Native Landscape Certification–and How That Relates

Purple threeawn--a native grass

Purple threeawn–a native grass

Last week I spent a day at the Trinity River Audubon Center learning more about native landscapes.

Why? Because understanding what was here before we were, and what works best in Dallas’s harsh climatic conditions, relates to everything. It certainly relates to sustainable design, where architects and landscape architects work to provide landscaping that will use potable water and stormwater most effectively. It relates to current and future water conservation for existing buildings and landscapes–resource and fiscal responsibility. And it helps us understand how our landscapes continue to affect the wildlife around us.

Thanks to the Native Plant Society of Texas for providing the class.292271_4685008759945_1916123272_n

The Natural Wonders of Dallas

Escarpment prairie remnant

A rocky, shallow-soiled escarpment prairie remnant with a beautiful stand of Little Bluestem and other grasses.

When I first moved to Dallas, it seemed to me to be barren of beautiful natural sites. Now that I’ve been here a while, I know that to be entirely untrue. And, increasingly, there are wonderful sites open to the public where families can begin to learn about the unique natural history of the Blackland Prairie and other local ecosystems.

There are prairie remnants–not a lot, only a few–to be seen in Dallas and the rest of the metroplex. A fragment at White Rock Lake, very small remnants in the Trinity Forest, re-created prairies at the Trinity River Audubon Center and Prairie Creek Branch Library.

Elam Road

There’s a prairie remnant at the end of this road, near the Trinity River.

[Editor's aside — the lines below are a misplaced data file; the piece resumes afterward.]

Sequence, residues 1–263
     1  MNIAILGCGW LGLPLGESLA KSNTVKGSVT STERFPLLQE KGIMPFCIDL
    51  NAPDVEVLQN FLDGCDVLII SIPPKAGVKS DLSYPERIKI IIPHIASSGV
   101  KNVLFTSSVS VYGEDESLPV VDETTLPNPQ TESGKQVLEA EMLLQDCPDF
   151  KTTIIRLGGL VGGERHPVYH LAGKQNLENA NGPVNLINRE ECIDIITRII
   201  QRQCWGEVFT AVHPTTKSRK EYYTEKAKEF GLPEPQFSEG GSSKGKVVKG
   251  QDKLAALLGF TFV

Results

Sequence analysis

Blackland prairie is one of the most endangered ecosystems in North America–more than 95% of it is gone. And, while prairie plants can be re-seeded, once a prairie is plowed it will never be the same. Prairie root systems reach as deeply as 16 feet into the soil, the better to enable the grasses to survive inevitable droughts, and it takes a long, long time to develop a prairie. If you want to know more about that, take a look at Ken Burns’s The Dust Bowl¬†or, for a more comprehensive look through time, Matt White’s Prairie Time.

The Trinity Forest itself is an extraordinary resource for Dallasites of all ages. It’s public property and there are trails throughout, carefully constructed and maintained by Groundwork Dallas. Should you care to go with a group, Audubon Dallas, North Texas Master Naturalists, and other organizations provide periodic walks to look at trees, birds, and even native American sites.

Scyene overlook

Scyene Overlook

Now that the weather is more propitious for hikes, take the opportunity to get out and look at what Dallas has to offer; if you haven’t yet, you’ll be surprised at the richness and variety–and how much fun you can have for free.